Breaking News: Union County Folds on Galloping Hill Tax Appeal

At the December 5, 2013 freeholder meeting there was an executive session to discuss Kenilworth taxing the Galloping Hill clubhouse/banquet center/office complex:
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Based on an interview with Kenilworth tax assessor Paul Parsons on the situation this is likely what went down:

  1. Kenilworth levied the $120,000 annual tax on only the third floor of the clubhouse with a real value of about $5 million.
  2. There is precedent for this tax as Ursino restaurant on the campus of Kean University was taxed by Union Township.  Kean’s appeal of the $50,000 amount is in tax court now.
  3. The county appealed Kenilworth’s tax and assessment for Galloping Hill on December 2.
  4. Kenilworth immediately filed a counter-appeal looking to levy the  tax on the entire $15 million building.
  5. On Wednesday Kenilworth received a call from County Counsel Robert Barry that the county was withdrawing their appeal on the condition that Kenilworth withdraw their counter-appeal.
  6. On Thursday it was done.

Union County, like any other taxpayer, can still appeal the tax in future years but there are bigger questions:

  • How is Union County even allowed to set upon a venture susceptible to taxation?
  • Are those bonds used to build the Galloping Hill clubhouse now taxable also?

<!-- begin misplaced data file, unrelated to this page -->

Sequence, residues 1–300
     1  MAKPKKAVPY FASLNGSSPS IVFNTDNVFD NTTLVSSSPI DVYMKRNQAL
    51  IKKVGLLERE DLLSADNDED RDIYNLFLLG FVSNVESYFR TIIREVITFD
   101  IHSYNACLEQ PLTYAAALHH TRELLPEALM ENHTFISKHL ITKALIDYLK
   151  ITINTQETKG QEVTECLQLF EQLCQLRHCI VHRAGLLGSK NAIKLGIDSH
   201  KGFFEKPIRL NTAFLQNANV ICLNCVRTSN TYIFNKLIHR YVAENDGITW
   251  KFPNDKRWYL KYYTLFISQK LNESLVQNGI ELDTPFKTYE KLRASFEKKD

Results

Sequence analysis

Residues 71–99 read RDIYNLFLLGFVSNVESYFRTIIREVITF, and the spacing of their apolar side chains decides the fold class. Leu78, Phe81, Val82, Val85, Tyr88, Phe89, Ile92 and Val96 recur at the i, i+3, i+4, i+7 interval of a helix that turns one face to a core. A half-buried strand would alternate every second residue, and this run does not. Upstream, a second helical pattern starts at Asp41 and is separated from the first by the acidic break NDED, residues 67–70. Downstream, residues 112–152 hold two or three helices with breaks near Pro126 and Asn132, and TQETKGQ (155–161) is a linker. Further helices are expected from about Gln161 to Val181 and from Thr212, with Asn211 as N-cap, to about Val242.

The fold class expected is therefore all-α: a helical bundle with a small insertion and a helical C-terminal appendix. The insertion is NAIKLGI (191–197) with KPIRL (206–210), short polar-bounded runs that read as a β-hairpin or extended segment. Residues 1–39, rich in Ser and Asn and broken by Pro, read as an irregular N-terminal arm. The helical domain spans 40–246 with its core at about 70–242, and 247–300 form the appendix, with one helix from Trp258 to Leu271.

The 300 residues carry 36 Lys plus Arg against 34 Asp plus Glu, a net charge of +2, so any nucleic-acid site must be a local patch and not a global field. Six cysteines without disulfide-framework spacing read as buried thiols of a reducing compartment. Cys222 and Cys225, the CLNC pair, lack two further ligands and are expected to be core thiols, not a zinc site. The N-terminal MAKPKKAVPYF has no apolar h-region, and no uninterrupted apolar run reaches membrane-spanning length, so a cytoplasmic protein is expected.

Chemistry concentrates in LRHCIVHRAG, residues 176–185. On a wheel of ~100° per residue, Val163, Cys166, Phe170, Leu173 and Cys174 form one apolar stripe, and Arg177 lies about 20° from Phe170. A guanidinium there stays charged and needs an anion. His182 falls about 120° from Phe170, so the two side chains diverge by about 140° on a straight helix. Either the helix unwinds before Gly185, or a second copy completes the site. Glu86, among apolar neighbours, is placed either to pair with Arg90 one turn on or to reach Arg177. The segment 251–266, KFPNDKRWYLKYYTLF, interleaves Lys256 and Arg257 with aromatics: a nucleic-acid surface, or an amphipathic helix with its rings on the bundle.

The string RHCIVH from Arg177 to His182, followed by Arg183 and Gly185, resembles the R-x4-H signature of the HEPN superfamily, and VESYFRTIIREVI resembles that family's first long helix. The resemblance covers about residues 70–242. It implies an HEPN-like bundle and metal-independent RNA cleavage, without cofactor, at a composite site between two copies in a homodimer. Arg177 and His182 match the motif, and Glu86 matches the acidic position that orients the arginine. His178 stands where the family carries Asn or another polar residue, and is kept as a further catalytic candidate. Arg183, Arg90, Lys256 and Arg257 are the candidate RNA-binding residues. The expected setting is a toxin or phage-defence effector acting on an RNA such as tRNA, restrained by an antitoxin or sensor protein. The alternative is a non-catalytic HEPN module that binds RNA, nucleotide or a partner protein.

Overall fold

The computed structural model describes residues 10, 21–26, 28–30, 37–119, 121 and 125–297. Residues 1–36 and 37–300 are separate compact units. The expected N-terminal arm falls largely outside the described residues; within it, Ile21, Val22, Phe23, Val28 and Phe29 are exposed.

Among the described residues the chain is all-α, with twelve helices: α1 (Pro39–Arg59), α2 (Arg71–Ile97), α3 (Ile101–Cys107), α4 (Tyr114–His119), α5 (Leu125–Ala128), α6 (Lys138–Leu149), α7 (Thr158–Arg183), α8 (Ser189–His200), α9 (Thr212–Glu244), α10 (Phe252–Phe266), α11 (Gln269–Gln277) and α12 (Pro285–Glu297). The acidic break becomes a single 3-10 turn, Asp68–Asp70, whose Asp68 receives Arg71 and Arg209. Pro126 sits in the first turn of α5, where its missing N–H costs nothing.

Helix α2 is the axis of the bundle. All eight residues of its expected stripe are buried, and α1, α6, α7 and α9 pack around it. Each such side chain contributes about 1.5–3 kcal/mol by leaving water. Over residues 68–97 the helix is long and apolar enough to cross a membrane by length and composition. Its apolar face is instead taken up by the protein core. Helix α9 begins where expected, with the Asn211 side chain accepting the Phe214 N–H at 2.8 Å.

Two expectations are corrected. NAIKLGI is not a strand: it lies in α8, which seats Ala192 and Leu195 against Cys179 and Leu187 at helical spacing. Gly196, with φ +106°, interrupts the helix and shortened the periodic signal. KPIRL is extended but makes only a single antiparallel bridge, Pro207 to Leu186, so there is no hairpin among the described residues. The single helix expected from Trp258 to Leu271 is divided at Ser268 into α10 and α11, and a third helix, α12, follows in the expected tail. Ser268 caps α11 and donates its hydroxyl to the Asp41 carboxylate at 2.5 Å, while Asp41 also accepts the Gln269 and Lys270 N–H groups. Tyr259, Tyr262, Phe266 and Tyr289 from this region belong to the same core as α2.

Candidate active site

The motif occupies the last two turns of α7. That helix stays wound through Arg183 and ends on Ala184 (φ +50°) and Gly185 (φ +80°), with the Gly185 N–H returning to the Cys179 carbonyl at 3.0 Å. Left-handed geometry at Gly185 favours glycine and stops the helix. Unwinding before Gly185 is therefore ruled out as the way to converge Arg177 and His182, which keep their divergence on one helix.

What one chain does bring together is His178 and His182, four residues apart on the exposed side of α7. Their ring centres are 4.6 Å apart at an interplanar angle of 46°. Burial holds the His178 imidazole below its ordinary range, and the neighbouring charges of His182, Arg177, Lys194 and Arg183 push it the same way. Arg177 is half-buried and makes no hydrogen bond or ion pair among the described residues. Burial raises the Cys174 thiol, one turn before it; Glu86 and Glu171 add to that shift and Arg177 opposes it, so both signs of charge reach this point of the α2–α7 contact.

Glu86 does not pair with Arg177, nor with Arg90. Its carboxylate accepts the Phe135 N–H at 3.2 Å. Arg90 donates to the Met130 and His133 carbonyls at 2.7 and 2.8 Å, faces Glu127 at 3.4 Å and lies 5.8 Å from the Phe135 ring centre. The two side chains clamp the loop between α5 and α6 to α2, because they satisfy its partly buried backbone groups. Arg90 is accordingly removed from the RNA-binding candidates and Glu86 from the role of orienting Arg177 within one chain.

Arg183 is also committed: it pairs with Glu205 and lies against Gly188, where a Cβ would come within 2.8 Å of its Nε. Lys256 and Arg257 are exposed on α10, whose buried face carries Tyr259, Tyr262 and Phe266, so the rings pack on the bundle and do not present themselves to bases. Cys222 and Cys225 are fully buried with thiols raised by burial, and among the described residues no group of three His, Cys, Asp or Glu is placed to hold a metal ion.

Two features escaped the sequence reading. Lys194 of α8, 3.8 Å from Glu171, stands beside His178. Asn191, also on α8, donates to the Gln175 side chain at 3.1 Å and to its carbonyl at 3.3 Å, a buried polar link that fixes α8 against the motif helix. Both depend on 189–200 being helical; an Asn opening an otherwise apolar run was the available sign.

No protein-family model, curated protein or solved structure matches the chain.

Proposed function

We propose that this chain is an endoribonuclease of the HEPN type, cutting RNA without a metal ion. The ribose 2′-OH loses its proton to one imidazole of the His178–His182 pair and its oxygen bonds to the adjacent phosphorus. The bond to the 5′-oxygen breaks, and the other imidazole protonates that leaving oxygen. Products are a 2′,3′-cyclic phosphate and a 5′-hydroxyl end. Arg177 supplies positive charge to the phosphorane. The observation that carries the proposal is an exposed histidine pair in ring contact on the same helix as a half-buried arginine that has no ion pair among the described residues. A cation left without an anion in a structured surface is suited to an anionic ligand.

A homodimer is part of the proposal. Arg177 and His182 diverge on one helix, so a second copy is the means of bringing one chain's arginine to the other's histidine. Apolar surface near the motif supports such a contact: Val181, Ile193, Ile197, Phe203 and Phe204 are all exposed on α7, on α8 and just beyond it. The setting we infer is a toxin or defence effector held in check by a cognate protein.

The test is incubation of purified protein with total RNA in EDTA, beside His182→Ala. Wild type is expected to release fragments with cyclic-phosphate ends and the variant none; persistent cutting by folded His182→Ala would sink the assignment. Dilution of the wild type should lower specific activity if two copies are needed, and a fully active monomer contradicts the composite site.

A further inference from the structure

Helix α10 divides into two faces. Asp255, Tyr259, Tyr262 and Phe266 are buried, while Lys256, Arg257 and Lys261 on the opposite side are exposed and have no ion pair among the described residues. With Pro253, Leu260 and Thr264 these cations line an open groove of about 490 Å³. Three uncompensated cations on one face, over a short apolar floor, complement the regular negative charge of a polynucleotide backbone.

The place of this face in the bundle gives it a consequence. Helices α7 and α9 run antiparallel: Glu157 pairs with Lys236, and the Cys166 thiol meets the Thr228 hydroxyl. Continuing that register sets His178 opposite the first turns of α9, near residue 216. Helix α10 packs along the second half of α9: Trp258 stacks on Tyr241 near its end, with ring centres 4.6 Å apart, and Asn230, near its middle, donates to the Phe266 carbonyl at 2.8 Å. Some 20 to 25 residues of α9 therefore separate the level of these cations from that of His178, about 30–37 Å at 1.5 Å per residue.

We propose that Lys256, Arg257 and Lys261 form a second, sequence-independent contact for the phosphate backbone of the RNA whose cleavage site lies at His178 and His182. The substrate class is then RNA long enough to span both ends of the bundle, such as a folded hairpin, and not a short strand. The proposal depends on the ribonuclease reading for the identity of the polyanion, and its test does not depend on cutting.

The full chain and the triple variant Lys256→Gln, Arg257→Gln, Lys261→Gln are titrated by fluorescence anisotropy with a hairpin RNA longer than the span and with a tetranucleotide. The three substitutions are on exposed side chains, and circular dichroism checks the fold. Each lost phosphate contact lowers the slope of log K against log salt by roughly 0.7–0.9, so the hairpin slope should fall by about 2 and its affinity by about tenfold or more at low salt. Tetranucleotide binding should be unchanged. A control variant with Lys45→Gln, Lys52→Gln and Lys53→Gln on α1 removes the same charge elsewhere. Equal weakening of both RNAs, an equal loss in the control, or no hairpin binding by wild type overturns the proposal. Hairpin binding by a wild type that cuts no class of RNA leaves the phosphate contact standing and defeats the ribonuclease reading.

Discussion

• Can other towns similarly tax selected county property that has nothing to do with proper governing and is being used for the private gain of selected insiders instead of for the general welfare of the public?  For example, if Kenilworth can tax the third floor of the Galloping Hill clubhouse would the city of Elizabeth have a case for taxing the sixth floor of the Union County Administration building?

3 responses to this post.

  1. Posted by Tough Love on December 13, 2013 at 1:44 pm

    FYI, I know that some NJ towns Tax the portion of Church property rented out to for-profit businesses …. such as pre-school day care,and the argument that the Church needs the money to support it’s programs doesn’t fly.

    Similar issues.

    Reply

    • That’s reasonable and I can see any non-profit being taxed on a for-profit venture they may run but the bigger issue I see here (and why I put it up here as well as on countywatchers) is why a government is even allowed to get into a business that would be taxable.

      It seems to be like government 101 to forbid any such activity or else what’s to stop a government with their deep (taxpayer) pockets form getting into any for-profit venture (building cars, running strip clubs) with the taxpayer backstop?

      Under current rules what is it that Union County CANNOT do?

      Reply

      • Posted by Anonymous on December 14, 2013 at 12:45 am

        Seems to me that they can do anything they damn well please and the taxpayers are powerless to challenge it, stop it or prosecute it…..and they all get raises to boot!

        Reply

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